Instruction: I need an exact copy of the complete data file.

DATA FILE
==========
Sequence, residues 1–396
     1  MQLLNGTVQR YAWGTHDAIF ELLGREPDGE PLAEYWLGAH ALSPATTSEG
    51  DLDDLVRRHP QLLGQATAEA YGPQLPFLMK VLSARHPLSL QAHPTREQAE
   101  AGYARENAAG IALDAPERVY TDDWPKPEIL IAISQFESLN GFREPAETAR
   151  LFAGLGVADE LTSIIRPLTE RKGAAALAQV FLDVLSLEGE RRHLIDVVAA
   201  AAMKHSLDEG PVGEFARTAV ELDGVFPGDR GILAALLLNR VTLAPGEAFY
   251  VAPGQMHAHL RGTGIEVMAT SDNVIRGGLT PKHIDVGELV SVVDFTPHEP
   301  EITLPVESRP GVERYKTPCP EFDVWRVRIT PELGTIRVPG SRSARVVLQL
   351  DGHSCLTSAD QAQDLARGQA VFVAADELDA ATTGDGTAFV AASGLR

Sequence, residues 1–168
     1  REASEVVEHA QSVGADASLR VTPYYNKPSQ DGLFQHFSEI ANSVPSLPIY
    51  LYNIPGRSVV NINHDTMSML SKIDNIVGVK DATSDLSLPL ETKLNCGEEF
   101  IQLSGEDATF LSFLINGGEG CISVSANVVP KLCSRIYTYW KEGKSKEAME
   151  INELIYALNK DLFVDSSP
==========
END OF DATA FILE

Sequence, residues 1–396
     1  MQLLNGTVQR YAWGTHDAIF ELLGREPDGE PLAEYWLGAH ALSPATTSEG
    51  DLDDLVRRHP QLLGQATAEA YGPQLPFLMK VLSARHPLSL QAHPTREQAE
   101  AGYARENAAG IALDAPERVY TDDWPKPEIL IAISQFESLN GFREPAETAR
   151  LFAGLGVADE LTSIIRPLTE RKGAAALAQV FLDVLSLEGE RRHLIDVVAA
   201  AAMKHSLDEG PVGEFARTAV ELDGVFPGDR GILAALLLNR VTLAPGEAFY
   251  VAPGQMHAHL RGTGIEVMAT SDNVIRGGLT PKHIDVGELV SVVDFTPHEP
   301  EITLPVESRP GVERYKTPCP EFDVWRVRIT PELGTIRVPG SRSARVVLQL
   351  DGHSCLTSAD QAQDLARGQA VFVAADELDA ATTGDGTAFV AASGLR

Sequence, residues 1–168
     1  REASEVVEHA QSVGADASLR VTPYYNKPSQ DGLFQHFSEI ANSVPSLPIY
    51  LYNIPGRSVV NINHDTMSML SKIDNIVGVK DATSDLSLPL ETKLNCGEEF
   101  IQLSGEDATF LSFLINGGEG CISVSANVVP KLCSRIYTYW KEGKSKEAME
   151  INELIYALNK DLFVDSSP